I think it is easy to say “we need ethics reform” (every one is for that) yet things we really do need here– Jobs, schools, storm protection, decent insurance Rates, overhaul of the states justice system/courts, are much more difficult to get and won’t show any head way in time for his next four year run [especially working with a mostly new legislature who have no reason to work with him]

    And I don’t like social conservatives, and Bobby Claims to be one. They would let your kids go hungry, die of a easly cured diseases and remain uneducated as long as the paired [married] boy/girl and had their souls saved. What does my soul have to do with my health care or my job?

  12. Frank writes:

    “And I donít like social conservatives, and Bobby Claims to be one. They would let your kids go hungry, die of a easly cured diseases and remain uneducated as long as the paired [married] boy/girl and had their souls saved. What does my soul have to do with my health care or my job?”

    Yeah, that’s why the overwhelming majority of non-profit hospitals, soup kitchens, thrift shops, food pantries and homeless shelters are run by left-wing secular humanists.

    And that’s why the Catholics and the Southern Baptists are the country’s leading operators of abortion clinics. Which, like Planned Barrenhood (another hateful social-conservative enterprise) often are found in or near the ‘hood.

    Umm hmmm. Yeah, you right.

    “And I don’t like social conservatives, and Bobby Claims to be one.”

    Gee, I’ll bet if someone said “I don’t like blacks” or “I hate fags,” Frank would be on them like white on rice. People are funny creatures, and bigotry is instantly recognized in everyone except one’s own self.

    Imagine that.

  13. Anthony Anthony

    There is an obvious difference between hating people because of an immutable fact of their being, like race or sexual orientation. And not liking them based upon something they have chosen like an ideology or philosophy.

  14. David David

    Favog, I spent the first 21 years of my life as a Southern Baptist, and you are deluding yourself (to use a handy term) if you think the Baptists give two shits about the poor or less fortunate than them.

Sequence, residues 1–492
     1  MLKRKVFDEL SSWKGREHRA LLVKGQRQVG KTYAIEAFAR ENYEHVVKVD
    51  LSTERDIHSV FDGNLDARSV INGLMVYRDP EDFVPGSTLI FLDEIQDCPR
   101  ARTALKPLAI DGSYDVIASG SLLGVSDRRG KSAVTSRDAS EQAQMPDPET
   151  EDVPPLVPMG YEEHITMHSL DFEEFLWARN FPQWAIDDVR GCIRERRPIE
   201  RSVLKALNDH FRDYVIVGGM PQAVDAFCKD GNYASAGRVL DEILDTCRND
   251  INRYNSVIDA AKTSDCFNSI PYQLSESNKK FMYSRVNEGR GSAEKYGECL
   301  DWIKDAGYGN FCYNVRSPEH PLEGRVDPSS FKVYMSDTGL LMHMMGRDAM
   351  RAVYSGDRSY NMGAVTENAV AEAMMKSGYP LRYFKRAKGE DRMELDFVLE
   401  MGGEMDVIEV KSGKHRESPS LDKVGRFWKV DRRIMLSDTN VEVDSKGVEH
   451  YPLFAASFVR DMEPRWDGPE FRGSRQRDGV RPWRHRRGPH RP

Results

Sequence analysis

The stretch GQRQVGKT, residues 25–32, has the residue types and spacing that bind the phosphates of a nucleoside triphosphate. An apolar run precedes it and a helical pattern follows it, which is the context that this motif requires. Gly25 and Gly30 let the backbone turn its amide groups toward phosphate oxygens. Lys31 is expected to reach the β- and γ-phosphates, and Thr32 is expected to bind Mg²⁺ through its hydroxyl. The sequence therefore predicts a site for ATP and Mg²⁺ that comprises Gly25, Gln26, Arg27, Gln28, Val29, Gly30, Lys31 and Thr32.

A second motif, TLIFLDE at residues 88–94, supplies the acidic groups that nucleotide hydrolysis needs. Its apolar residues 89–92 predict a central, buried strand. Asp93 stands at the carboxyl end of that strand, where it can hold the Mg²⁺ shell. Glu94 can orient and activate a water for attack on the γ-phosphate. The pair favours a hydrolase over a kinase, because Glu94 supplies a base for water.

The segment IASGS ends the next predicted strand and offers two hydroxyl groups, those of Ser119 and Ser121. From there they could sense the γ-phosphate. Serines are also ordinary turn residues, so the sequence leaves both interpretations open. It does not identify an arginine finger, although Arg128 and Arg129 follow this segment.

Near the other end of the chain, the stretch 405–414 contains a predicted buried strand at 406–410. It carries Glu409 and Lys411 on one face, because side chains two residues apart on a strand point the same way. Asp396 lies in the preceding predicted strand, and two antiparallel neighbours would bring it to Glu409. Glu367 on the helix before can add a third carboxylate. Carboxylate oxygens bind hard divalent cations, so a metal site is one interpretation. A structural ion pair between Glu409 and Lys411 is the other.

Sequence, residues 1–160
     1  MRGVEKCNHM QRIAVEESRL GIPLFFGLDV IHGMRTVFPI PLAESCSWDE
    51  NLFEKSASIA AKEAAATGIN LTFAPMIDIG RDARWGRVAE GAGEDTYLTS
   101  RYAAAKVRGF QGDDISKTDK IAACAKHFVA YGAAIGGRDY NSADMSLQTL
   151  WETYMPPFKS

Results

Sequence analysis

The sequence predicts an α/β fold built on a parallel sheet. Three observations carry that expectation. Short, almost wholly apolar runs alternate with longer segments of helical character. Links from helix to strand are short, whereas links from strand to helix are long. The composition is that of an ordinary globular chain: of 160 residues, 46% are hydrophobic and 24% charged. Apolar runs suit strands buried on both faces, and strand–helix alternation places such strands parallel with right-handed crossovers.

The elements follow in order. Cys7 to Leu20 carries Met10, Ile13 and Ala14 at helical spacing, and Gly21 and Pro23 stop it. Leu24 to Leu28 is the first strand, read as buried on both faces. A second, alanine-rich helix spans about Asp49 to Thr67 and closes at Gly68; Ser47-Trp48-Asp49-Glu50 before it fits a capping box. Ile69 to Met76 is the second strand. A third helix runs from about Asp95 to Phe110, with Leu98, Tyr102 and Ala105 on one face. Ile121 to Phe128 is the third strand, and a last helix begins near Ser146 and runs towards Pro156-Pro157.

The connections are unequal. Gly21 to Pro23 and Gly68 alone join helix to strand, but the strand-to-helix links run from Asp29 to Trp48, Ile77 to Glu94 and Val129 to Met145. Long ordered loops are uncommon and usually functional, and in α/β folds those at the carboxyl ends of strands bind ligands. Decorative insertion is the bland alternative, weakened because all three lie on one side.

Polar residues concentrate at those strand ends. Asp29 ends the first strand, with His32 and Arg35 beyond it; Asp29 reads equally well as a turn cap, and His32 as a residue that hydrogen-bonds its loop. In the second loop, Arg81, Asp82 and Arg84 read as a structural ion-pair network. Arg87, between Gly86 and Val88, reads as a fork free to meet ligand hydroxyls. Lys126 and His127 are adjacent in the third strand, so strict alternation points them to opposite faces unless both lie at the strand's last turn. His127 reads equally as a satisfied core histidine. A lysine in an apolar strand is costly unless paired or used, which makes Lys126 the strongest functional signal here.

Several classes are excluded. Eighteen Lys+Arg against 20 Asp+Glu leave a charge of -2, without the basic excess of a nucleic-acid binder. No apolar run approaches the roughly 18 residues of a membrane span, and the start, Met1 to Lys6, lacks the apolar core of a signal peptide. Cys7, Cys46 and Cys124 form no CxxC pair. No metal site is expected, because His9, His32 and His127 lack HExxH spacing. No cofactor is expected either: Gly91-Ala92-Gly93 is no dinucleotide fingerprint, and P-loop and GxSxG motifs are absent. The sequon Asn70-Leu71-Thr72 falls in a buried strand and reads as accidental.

And nothing is more disingenuous than your anti-discrimination plea. Do you know how the Baptist church got the “Southern” in its name? It’s because it split from the American Baptist church during the Civil War; it was a church that favored slavery. Simply put, it is a church predicated on bigotry. And it is a church that has always been on the wrong side of history, such as being against Civil Rights and being the sole church in favor of the Iraq War. (Where is the shame over that decision?) I defy you to find me one Southern Baptist church with a single mixed-race, black-white couple in it. So, really, just save your breath about your “concern” about discrimination.

    And, congratulations, you great pervayer of equality on the inclusion of an epithet in your post.

  15. Frank Schiavo Frank Schiavo

    Rant coming–

    Favog, once again–What does my saving my soul have to do with health care or employment?

    Look, I have met true christians. They work in those soup kitchens, man hospitals, build houses and help the poor. And they spend their time in church, not in the voting booth. They object to War–especially foolish ones fought to make old men feel they have the only faith that matters or those old men can make a quick buck off of it.

    They try to educate young people about they bodies and relationships and don’t hide behind the foolish notion that “abstanence education” will put an end to pregnacy, STD’s, and AIDS. They don’t worry about who someone is sleeping with/loving/f*cking as long as those folks are all of legal age and they aren’t sleeping with/loving/f*cking THEM.

    Most importantly they believe their God blessed them to live in a country that was founded by a bunch of folks escaping from intolerence and/or persecution of one form or another and their loving, forgiving God [remember him] would not want them to promote intolerence. Especially by excluding huge chunks of the popluation because they are black, red, brown, gay, poor or just NOT christian enough for them. And they should do this by deed, not words. Most of the so-called voting religous right/Values voters/social conservitives don’t fit those parameters, not at least the ones I have seen or have been expossed to.

    Still, I guess they might exist. As Eleanor once said– “In a world where carpenters get resurrected, everything is possible.”

  16. Garvey Garvey

    “I defy you to find me one Southern Baptist church with a single mixed-race, black-white couple in it.”

    Come to church with me this Sunday in Charlotte, NC.

    Get real, anti-religious bigots. The paintbrush you use to color all U.S. Christians is comical. But this isn’t a real diverse bunch here (politically/socially/religiously), so you’re safe. You can all nod in approval and pat e/o on the backs.

  17. Anthony Anthony

    Some of the religious self appointed spokesmen. like James Dobson or Tony Perkins or Ted Haggard or a host of other right wing nutjobs make it real hard to consider folks of faith as tolerant and loving. Yes, there are folks in religious communities that are but they aren’t talking loud enough for the rest of us to hear.

  18. Frank writes: